Washington, D.C., February 6, 2019–The Committee to Protect Journalists today called on the Japanese government to allow freelance journalist Kosuke Tsuneoka to leave the country to conduct reporting. Tsuneoka was stopped by immigration officials at Tokyo’s Haneda Airport while trying to leave Japan for a reporting trip to Yemen on February 2 and, in a phone conversation with the Foreign Ministry, was told that his passport had been invalidated, he told CPJ. He was then ordered by foreign ministry officials to surrender the passport.
“The Japanese government’s move to block freelance journalist Kosuke Tsuneoka from reporting abroad amounts to an outrageous interference with the workings of the free press,” said Steven Butler, CPJ’s Asia program coordinator. “Tsuneoka has every right to travel outside Japan to report the news.”
Japanese Foreign Minister Taro Kono was quoted yesterday as saying that the government issued an order to revoke the passport of a “male Japanese national” at Haneda Airport, but he did not mention Tsuneoka by name, according to the Hong Kong daily South China Morning Post.
Japan’s passport regulations permit the government to revoke a citizen’s passport if they attempt to enter a country from which they have been banned, according to The Japan Times, an English-language daily. On January 14, Tsuneoka was denied entry at an airport in Oman while en route to Yemen and was deported, according to the Times. On February 2 he was preparing to take a flight to Yemen that did not pass through Oman.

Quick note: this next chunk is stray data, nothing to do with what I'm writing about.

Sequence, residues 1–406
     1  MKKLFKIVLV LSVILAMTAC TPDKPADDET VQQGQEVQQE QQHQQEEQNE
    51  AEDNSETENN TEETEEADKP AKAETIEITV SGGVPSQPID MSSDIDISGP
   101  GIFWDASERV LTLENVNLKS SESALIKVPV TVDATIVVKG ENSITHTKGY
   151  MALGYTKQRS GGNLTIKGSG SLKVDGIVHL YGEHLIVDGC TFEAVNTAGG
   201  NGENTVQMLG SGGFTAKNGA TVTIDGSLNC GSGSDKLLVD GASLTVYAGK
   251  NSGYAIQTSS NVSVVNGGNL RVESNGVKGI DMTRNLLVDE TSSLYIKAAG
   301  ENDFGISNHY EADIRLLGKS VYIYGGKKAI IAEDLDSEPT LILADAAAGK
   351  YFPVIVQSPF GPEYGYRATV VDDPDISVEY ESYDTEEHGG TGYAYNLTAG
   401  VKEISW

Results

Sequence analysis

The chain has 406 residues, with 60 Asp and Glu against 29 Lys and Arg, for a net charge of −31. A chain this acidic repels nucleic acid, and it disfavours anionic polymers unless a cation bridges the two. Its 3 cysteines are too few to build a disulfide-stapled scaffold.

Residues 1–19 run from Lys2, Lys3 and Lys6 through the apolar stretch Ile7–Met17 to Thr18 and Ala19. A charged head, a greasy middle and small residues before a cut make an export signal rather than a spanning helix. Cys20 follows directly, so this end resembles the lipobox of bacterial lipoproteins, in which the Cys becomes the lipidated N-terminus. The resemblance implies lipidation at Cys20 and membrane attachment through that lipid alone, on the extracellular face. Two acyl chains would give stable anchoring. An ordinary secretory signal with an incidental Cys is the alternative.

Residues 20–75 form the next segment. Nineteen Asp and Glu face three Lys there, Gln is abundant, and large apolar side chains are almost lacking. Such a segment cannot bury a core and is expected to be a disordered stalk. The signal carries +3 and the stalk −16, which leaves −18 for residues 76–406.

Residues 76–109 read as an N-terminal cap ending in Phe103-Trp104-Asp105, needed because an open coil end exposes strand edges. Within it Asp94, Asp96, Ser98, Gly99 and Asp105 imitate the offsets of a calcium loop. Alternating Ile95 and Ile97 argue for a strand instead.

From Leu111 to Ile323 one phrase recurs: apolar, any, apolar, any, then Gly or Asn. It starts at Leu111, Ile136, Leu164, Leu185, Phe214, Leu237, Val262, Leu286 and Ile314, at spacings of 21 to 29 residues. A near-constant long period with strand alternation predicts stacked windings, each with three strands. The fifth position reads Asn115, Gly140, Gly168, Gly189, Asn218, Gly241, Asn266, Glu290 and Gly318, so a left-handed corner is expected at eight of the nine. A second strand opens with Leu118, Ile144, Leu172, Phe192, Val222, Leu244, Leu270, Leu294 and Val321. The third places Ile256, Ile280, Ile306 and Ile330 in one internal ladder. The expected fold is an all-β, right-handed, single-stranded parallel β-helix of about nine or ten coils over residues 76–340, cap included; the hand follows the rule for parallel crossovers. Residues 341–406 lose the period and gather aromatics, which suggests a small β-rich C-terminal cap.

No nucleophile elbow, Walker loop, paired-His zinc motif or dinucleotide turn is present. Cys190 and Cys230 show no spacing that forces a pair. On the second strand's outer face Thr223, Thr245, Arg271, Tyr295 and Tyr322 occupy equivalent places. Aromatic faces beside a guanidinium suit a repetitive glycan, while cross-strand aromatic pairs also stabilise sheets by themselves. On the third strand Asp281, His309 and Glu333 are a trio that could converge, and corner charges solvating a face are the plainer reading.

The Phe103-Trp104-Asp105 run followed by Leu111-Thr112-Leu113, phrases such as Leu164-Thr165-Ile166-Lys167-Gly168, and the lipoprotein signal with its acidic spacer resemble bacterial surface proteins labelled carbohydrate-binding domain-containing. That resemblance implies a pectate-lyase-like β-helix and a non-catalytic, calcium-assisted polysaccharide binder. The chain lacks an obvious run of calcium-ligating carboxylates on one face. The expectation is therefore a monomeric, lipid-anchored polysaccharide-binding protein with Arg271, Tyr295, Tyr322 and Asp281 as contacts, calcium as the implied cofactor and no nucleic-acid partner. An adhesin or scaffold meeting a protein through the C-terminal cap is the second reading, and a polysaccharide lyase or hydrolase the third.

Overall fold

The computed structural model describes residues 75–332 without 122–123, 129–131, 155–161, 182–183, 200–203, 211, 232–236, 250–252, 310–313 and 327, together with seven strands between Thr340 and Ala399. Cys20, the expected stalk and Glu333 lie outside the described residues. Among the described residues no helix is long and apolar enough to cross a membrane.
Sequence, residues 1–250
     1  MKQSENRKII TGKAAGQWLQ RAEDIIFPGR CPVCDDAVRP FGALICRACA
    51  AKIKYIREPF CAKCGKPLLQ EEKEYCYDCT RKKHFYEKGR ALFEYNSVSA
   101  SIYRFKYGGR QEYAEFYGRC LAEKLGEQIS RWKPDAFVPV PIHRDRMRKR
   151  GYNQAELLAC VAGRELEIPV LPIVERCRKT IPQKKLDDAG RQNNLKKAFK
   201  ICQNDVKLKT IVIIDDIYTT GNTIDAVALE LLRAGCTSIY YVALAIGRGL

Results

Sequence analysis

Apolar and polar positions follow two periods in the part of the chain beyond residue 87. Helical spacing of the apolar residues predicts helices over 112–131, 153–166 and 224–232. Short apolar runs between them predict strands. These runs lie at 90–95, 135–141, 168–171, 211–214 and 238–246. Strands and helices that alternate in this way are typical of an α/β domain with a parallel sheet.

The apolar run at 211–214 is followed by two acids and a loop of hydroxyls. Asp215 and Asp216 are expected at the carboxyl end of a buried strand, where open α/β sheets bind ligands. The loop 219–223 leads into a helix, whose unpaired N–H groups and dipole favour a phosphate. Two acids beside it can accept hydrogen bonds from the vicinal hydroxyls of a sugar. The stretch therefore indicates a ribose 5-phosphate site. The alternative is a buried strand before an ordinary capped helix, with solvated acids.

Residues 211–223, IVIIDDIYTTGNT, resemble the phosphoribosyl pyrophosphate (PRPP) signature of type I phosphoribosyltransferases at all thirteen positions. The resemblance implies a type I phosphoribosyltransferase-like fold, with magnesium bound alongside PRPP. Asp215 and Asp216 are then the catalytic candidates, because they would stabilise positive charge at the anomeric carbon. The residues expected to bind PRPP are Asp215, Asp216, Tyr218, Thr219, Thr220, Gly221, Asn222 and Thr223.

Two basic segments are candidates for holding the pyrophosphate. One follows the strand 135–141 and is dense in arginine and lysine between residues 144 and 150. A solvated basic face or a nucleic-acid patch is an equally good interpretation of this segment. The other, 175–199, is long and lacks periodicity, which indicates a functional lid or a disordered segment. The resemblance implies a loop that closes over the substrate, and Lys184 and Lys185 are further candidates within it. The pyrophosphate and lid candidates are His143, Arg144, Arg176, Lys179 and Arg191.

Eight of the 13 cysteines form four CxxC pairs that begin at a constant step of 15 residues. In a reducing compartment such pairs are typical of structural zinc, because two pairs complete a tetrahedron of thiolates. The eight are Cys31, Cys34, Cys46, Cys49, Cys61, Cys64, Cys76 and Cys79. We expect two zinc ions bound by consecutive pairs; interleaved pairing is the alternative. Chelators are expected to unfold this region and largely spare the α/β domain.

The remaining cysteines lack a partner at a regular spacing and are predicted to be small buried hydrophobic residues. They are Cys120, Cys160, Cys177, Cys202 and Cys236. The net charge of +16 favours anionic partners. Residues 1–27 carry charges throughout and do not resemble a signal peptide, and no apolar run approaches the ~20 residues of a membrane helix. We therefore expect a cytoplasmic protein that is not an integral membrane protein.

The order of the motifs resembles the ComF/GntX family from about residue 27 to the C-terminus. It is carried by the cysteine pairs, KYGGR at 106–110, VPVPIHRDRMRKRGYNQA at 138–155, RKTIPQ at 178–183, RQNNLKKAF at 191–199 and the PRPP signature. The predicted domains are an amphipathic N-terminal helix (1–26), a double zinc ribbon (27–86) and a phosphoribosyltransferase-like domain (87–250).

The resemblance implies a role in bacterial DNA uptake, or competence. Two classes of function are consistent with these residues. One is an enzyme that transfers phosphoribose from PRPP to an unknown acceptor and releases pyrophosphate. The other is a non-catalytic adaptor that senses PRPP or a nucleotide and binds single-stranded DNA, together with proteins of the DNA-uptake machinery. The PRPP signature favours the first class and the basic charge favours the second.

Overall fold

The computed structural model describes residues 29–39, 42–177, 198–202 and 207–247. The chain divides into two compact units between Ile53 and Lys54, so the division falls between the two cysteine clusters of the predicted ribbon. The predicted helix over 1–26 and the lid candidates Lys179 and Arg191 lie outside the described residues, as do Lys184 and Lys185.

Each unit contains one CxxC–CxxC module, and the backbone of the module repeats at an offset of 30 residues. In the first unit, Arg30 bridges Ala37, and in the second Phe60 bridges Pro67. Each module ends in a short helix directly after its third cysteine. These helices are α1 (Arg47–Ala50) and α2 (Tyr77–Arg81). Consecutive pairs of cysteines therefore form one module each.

Tsuneoka told CPJ that he suspected his denial in Oman was also part of Japanese authorities’ efforts to try to stop him from going to Yemen. According to the Times report, the Foreign Ministry suspended the passport of a freelance photographer seeking to travel to Syria in 2015 on the grounds that it was too dangerous to travel there. In early 2015, Japanese freelance journalist Kenji Goto was executed by the Islamic State in Syria, as CPJ reported at the time.
Japan’s Foreign Ministry did not immediately respond to CPJ’s emailed request for comment.
Tsuneoka told CPJ he had not yet decided whether to fight the revocation of his passport in court, citing the 2015 freelance photographer’s case to have his passport restored, which was dismissed by the Supreme Court.
Tsuneoka was kidnapped and held for more than five months in Afghanistan in 2010, as CPJ reported at the time.